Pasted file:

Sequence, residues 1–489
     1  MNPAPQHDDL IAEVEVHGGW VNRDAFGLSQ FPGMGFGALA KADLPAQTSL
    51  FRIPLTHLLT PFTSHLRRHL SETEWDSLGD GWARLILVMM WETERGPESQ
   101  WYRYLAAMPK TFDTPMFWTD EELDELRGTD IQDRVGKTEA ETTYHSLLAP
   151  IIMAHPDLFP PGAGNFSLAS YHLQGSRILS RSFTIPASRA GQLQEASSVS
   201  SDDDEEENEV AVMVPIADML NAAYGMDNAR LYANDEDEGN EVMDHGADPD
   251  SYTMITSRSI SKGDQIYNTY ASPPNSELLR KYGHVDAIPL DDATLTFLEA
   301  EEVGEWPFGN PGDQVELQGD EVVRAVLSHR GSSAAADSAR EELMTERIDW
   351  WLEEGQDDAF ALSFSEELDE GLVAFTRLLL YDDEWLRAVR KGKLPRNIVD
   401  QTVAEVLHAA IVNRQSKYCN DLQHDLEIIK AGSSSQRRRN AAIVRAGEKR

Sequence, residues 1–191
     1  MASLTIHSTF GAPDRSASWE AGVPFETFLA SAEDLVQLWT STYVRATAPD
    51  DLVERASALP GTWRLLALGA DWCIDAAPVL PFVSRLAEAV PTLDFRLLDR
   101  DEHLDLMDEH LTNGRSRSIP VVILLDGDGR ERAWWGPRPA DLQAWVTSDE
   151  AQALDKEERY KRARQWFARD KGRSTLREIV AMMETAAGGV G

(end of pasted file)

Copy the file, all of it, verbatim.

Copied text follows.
Sequence, residues 1–489
     1  MNPAPQHDDL IAEVEVHGGW VNRDAFGLSQ FPGMGFGALA KADLPAQTSL
    51  FRIPLTHLLT PFTSHLRRHL SETEWDSLGD GWARLILVMM WETERGPESQ
   101  WYRYLAAMPK TFDTPMFWTD EELDELRGTD IQDRVGKTEA ETTYHSLLAP
   151  IIMAHPDLFP PGAGNFSLAS YHLQGSRILS RSFTIPASRA GQLQEASSVS
   201  SDDDEEENEV AVMVPIADML NAAYGMDNAR LYANDEDEGN EVMDHGADPD
   251  SYTMITSRSI SKGDQIYNTY ASPPNSELLR KYGHVDAIPL DDATLTFLEA
   301  EEVGEWPFGN PGDQVELQGD EVVRAVLSHR GSSAAADSAR EELMTERIDW
   351  WLEEGQDDAF ALSFSEELDE GLVAFTRLLL YDDEWLRAVR KGKLPRNIVD
   401  QTVAEVLHAA IVNRQSKYCN DLQHDLEIIK AGSSSQRRRN AAIVRAGEKR

Sequence, residues 1–191
     1  MASLTIHSTF GAPDRSASWE AGVPFETFLA SAEDLVQLWT STYVRATAPD
    51  DLVERASALP GTWRLLALGA DWCIDAAPVL PFVSRLAEAV PTLDFRLLDR
   101  DEHLDLMDEH LTNGRSRSIP VVILLDGDGR ERAWWGPRPA DLQAWVTSDE
   151  AQALDKEERY KRARQWFARD KGRSTLREIV AMMETAAGGV G